I Don’t Care if Inday ‘Isn’t That Indian’

A new member of tbe higher-end assembly line-style eateries that has become so very popular in New York City


Pile on all of the options you’re offered into one biodegradable bowl.

Since Inday first opened, it has been met with some criticism — mainly, that a scoop of Paneer does not an Indian Fusion fast-food restaurant make. 

Before the tides changed on the winter menu, I settled in on a rainy December night for a tardy taste of the fall fare, hoping to form a more positive opinion of my own. 

First, a quick lesson on the restaurant’s origins: faced with the option of “heavy” traditional Indian food on one side of the spectrum and more predictable fast-casual options on the other, owner and creator Basu Ratnam, tried to merge the two.

The result is a counter that offers you a series of choices: a base of either shredded vegetables, a.k.a. “Not Rice” (my favorite), grains, rice, or salad; a protein such as either chicken, steak, salmon, turkey, or tofu; and of course, garnishes like hot sauce, yogurt, pickled raisins, microgreens, and lentil crisp. 

My advice: pile on all of the options you’re offered into one biodegradable bowl. The spice mixes are toasted and blended in-house, and all of the chutneys and dressings are made from scratch. Whatever you choose, you’ll get a gluten-free meal that hits pretty much all of your food groups and the feeling that you ate something fresh and good for you. That has a price tag of $10 to $12 per bowl.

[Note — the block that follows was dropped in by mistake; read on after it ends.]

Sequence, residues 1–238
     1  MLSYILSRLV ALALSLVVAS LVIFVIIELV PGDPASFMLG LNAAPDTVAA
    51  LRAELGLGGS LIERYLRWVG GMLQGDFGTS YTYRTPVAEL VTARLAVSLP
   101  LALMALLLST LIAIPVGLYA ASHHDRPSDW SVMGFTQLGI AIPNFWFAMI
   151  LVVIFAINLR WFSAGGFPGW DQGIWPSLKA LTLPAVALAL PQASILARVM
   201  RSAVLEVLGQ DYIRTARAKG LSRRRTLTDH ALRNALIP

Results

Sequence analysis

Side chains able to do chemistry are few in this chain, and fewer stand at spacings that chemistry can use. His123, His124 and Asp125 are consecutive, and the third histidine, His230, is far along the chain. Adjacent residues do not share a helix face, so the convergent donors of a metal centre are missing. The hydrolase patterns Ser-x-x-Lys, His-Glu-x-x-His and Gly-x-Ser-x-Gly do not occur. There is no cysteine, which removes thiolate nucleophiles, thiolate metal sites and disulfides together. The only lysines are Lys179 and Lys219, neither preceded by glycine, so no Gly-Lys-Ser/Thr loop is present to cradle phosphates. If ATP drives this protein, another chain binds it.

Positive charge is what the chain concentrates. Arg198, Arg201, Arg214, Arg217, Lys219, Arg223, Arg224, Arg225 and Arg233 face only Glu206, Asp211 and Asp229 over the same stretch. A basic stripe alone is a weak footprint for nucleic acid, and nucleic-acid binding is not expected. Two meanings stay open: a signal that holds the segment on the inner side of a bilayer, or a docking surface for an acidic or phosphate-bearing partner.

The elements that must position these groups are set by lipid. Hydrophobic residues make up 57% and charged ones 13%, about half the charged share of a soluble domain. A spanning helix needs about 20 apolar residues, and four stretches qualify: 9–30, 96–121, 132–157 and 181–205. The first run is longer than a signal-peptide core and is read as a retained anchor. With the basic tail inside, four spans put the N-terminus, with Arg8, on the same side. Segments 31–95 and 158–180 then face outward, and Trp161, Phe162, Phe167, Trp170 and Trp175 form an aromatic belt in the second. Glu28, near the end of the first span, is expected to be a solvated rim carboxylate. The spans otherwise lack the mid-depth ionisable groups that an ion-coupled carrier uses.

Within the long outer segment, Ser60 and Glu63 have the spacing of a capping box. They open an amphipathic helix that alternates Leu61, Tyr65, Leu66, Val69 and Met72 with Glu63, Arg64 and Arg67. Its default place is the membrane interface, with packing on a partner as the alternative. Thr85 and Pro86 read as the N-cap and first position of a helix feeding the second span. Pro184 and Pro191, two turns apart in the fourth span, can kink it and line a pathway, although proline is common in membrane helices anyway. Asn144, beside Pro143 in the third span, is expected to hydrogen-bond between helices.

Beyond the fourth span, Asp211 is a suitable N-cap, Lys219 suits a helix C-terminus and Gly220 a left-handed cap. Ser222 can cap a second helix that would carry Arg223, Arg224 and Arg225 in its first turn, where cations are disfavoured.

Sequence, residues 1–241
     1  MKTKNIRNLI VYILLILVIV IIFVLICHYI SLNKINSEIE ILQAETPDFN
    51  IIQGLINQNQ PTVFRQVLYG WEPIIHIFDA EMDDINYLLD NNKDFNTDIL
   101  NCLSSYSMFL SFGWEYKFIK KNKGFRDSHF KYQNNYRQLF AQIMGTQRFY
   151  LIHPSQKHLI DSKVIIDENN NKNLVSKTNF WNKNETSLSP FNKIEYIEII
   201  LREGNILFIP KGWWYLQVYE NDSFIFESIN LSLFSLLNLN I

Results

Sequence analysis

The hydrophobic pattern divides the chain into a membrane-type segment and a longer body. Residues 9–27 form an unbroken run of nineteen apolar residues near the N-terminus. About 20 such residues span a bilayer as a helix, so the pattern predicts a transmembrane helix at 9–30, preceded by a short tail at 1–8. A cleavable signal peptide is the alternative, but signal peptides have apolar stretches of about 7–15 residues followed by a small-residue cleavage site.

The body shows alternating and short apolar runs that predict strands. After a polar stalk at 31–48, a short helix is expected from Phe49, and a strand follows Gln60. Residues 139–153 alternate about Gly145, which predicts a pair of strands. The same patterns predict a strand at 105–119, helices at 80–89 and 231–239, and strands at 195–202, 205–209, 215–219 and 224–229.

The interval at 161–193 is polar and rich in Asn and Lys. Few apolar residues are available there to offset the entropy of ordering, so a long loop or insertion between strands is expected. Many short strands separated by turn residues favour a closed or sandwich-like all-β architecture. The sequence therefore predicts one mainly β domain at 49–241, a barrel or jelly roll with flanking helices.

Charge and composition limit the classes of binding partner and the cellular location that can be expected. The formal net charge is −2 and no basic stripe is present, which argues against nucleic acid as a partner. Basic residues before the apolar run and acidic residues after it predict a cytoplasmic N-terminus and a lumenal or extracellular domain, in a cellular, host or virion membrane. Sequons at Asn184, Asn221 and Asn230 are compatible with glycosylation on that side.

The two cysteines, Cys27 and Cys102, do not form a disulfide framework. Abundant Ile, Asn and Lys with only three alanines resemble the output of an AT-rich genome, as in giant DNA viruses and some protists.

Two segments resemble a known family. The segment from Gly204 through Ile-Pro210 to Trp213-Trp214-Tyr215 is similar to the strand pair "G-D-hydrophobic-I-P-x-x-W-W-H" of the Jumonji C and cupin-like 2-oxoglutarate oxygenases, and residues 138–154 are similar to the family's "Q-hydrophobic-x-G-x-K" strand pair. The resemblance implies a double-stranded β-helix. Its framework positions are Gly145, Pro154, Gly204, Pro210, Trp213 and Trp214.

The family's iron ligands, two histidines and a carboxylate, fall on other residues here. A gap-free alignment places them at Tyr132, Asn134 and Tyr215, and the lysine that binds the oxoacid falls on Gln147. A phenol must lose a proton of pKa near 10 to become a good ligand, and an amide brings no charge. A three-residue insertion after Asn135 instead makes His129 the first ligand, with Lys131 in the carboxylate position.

If you’re stopping in between 3pm and 9pm, try their new high tea menu — a $6 pot will go a long way — and if you can find a seat, stay. The vibe is earthy but chic, and the tables are lined with candles and bowls of eucalyptus leaves.

As for this debate about whether or not its “Indian” roots can be found within the bowl, my opinion is this: the cuisine, which is said to be Calcutta-inspired, checks out somewhere between Chickpea and Just Salads, ranking on the higher end of the totem pole that is the assembly line-style of eating that has become so very popular among New York City lunch-goers. 

Does the chicken liken itself to tikka masala? Negative. Does the steak carry the sweet scent of korma? Not so much. Therefore, if you’re looking to chow down on traditional Indian food for lunch, this isn’t the place for you. If you’re after a wholesome, tasty meal with a hint of exotic spice, this concept will land just fine.

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